A look inside the Great British Seaside
The Great British Seaside, the National Maritime Museum's major new photography exhibition, brings you 102 photos from leading British photographers. Take a sneak peak at the exhibition with some of our favourite photos.
The Great British Seaside: Photography From The 1960s To The Present runs from March 23 to September 30 at the National Maritime Museum. Buy tickets
One of Britain’s most popular photographers, Martin Parr (b. 1952) was inspired to pick up a camera at a young age by his grandfather, a keen amateur photographer.
In the summer of 1983 Parr began work on The Last Resort (1986), a three-year project capturing leisure in the working-class seaside resort of New Brighton, the beginning of a career capturing the idiosyncrasies of Britain’s seaside
‘The seaside has to be one of the most fascinating places for people-watching. It is a place where we relax and lose our inhibitions, and that’s when true personalities come on display.’
– Martin Parr
'For me the seaside is like a laboratory. Every time I have a new idea or want to try something different I tend to first experiment with it at the beach.
– Martin Parr
Brighton-based photographer Simon Roberts studied Human Geography at the University of Sheffield which has influenced much of his work.
'I love Simon’s approach – he took the basic Andreas Gursky idea and applied it very cunningly to British leisure pursuits.' - Martin Parr
Simon's work is characterised by large-scale images that explore the collective relationship between people and place and the reflection of social, political and cultural change in the landscape.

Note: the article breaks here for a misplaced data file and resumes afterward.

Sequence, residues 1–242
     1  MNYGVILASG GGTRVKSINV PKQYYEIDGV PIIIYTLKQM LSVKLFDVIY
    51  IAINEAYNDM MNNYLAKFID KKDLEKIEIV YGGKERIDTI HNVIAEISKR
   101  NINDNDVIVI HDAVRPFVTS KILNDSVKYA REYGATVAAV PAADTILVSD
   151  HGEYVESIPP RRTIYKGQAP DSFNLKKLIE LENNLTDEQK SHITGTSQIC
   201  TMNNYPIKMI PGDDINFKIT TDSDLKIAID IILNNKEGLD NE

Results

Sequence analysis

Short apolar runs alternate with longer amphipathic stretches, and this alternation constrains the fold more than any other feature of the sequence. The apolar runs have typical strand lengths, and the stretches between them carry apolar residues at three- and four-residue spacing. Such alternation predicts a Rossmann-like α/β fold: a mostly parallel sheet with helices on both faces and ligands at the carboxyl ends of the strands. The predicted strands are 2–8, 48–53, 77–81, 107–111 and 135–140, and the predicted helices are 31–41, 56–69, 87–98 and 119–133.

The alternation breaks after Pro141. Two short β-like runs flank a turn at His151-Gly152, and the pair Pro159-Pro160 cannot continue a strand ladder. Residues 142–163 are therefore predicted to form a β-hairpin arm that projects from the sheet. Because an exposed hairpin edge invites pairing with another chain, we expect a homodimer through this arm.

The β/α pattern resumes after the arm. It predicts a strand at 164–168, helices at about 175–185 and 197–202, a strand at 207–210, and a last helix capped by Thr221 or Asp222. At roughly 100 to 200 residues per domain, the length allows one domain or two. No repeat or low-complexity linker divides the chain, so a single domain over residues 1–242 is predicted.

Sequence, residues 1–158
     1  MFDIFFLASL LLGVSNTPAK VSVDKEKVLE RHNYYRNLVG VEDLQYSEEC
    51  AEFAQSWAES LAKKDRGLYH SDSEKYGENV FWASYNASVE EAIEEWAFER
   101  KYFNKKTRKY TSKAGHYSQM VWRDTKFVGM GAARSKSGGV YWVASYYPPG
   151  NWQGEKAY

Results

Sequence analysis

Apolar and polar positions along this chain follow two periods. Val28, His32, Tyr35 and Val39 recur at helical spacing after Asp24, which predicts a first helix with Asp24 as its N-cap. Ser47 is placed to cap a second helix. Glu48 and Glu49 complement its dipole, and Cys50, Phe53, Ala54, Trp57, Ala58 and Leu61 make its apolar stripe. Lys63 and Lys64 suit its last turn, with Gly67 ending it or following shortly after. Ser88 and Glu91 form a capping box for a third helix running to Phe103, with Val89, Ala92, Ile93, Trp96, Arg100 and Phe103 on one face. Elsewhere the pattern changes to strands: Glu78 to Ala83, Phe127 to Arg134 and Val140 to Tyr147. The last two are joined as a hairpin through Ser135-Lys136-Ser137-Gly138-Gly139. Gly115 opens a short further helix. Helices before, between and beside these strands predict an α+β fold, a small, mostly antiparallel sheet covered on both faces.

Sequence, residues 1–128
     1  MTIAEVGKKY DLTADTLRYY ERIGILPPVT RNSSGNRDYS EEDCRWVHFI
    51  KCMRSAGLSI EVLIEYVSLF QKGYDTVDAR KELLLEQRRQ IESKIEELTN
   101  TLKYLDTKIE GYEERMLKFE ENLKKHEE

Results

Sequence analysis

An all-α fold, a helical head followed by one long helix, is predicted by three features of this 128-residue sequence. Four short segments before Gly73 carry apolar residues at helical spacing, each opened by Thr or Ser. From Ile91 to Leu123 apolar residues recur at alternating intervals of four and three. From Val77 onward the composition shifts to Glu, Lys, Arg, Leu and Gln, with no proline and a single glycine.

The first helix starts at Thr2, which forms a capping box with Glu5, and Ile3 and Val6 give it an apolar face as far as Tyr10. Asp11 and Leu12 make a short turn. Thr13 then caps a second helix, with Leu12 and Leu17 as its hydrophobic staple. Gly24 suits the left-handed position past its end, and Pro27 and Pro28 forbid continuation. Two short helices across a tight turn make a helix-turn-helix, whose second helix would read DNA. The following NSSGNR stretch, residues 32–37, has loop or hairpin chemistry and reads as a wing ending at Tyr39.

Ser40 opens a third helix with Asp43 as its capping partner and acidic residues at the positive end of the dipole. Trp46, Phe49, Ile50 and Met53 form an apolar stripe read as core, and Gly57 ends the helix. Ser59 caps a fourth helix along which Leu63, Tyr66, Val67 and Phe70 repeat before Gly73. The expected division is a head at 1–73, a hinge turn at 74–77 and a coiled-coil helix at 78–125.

‘I see the British seaside as a series of landscapes through which we can trace part of our national history.’
– Simon Roberts
‘My aim is to communicate something of the spirit and the mentality of the English, their habits and their way of life, the ironies that exist in the way they do things …’
– Tony Ray-Jones
Tony Ray-Jones (1941–72) worked as a freelance photographer after graduation from Yale University, Ray-Jones returned to Britain in 1966 and decided on a project to visually document the English at leisure.
For two years he travelled around the country in a campervan capturing, in his words, ‘the sadness and the humour in a gentle madness that prevails in a people.’
David Hurn (b. 1934) is a self-taught photographer who began his career in 1955 working as an assistant at the Reflex photo agency in London.
His work is diverse and includes raw photo-essays, fashion photography and iconic production stills from films such as From Russia with Love (1963) and Barbarella (1968) as well as the seaside photography featured in the exhibition
‘The seaside is a place for uninhibited fun. It is cheap and very democratic, full of laughter, tenderness, ridiculousness but basically a way of having a good time.’
– David Hurn
David Hurn’s great love has always been the photography of ordinary people and everyday lives.
The Great British Seaside: Photography From The 1960s To The Present runs from March 23 to September 30 at National Maritime Museum. Buy tickets